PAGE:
Studies suggests that online groups can provide a thriving participatory system that enables educators to engage in an informal kind of professional learning, focused on immediate concerns and contexts, in their own teaching and leadership situations (Melhuish 2013).
Following on from my last post, promising as it seems, ICT and social media are still not without their challenges, especially when they can be more distracting than helpful to students and teachers alike. While teachers can use ICT and online social networks to seek information, share ideas and even contribute to the development of deep knowledge, effective learning will always vary according to their own (and their students) knowledge and competence of these platforms.
The Ministry of Education has introduced an initiative to enhance professional development via online social networking. The Virtual Learning Network is a platform where educators can engage in professional dialogue around the use of these platforms. VLN Groups can enable an informal type of professional learning for teachers and support those new to the available tools.
Edutopia also have a great page, called Social Media in Education which has a toolkit that both outlines and links to blogs, articles and the unbelievable number of resources available for educators to explore and support the process of using Social Media in their teaching practice.
Web 2.0 Tools
Web 2.0 tools are essentially online software and web-based services that let users create, collaborate, edit and share content online. I have already been using Web 2.0 tools by writing in the cloud (GAFE), creating my own digital resources (blended learning) and again now by creating this blog!
One of the first social media platforms that supported engagement with my own professional development was Pond. This Network for Learning portal, is an online environment that aims to unite teachers, school administrators and students with providers of educational content and services. Its basically a place where I can discover content, share knowledge and engage with my peers. By actively engaging in the Pond environment, I can connect with the wider education community – not just peers I already know and have contact with, but new people I discover inside the environment. Discussions with other educators are some of the best resources I have found in Pond and groups like #ULearn15 have been invaluable.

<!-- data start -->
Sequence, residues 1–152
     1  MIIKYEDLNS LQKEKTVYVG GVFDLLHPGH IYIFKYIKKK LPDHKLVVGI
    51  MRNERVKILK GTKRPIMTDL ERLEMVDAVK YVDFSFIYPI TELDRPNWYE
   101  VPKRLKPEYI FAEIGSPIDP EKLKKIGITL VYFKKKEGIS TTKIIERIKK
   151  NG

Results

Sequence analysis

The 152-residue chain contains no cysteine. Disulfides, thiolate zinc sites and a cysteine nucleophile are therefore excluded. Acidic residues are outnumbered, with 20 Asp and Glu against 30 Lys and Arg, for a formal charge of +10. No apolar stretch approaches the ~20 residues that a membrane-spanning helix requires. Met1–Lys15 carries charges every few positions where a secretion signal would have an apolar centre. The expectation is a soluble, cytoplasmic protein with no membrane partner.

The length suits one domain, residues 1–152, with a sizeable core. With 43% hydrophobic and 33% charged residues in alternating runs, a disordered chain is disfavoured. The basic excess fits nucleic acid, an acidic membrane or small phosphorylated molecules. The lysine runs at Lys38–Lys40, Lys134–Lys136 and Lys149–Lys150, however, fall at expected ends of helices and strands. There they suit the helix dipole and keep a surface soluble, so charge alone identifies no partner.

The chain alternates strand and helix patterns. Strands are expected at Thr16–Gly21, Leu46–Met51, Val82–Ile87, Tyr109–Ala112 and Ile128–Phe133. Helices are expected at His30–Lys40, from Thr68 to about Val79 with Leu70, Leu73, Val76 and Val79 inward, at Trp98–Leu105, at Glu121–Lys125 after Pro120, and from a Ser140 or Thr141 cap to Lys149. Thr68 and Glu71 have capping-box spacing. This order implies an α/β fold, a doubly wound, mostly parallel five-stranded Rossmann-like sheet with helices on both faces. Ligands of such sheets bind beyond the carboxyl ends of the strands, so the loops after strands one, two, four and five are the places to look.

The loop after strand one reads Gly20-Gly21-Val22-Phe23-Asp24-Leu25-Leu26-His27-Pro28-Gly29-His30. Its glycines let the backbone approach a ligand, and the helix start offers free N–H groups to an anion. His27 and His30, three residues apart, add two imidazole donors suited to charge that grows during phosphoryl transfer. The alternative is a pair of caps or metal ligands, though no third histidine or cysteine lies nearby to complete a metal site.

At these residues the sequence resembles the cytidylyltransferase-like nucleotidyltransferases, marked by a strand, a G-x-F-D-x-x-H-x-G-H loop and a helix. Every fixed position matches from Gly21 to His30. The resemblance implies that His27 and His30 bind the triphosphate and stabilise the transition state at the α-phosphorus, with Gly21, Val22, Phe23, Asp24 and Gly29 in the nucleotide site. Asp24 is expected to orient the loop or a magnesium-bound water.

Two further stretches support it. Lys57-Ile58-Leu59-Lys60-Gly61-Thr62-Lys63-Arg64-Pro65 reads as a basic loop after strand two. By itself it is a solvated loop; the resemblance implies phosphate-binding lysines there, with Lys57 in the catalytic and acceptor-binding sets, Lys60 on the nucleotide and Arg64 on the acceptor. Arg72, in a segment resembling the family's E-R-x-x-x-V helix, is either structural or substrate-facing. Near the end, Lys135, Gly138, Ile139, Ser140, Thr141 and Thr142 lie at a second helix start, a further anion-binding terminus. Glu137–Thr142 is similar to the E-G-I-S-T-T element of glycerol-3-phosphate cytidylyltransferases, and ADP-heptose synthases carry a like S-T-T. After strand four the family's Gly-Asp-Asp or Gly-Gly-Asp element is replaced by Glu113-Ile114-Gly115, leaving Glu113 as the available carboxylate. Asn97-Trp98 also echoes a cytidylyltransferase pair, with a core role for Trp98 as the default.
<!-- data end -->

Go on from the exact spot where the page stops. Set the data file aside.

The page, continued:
Digital tools can also be used to scaffold students to think deeper about their learning, organise their thinking and to communicate and collaborate with others online. Pam Hook’s HookED Wiki Solo Taxonomy and Web 2.0 shows how Web 2.0 apps can be used to enhance differentiated learning outcomes.
Another great digital resource to use is Yammer, a social network much like Twitter or Facebook, but only available to people who belong to your school. All of the postings are intended to allow collaboration between teachers and students to work on projects, share files and co-edit documents. You can explore 5 Ways Yammer is Improving Communication, Connections, and Learning in our Schools or watch Build Classroom Community with Yammer to learn more.
There are also some great readings about future-focused teaching and learning.
Using Mobile Web 2.0 to Transform Pedagogy and Engage Learners by Dr Thom Cochrane on integrating Mobile Web 2.0 technology into learning environments to enhance learner engagement, is an interesting read. So is his Post Web 2.0 Pedagogy: Mobile social media
Supporting future-oriented learning and teaching – a New Zealand perspective – This research project draws together findings from new data and more than 10 years of research on current practice and futures-thinking in education.
Future-focused learning in connected communities – This report from Associate Education Minister Nikki Kaye’s 21st Century Learning Reference Group aims to help inform government planning around 21st century skills and digital competencies.
Melhuish, K. (2013) Online social networking and its impact on New Zealand educators’professional learning. Retrieved November 5, 2015 from http://researchcommons.waikato.ac.nz/bitstream/handle/10289/8482/thesis.pdf?sequence=3&isAllowed=y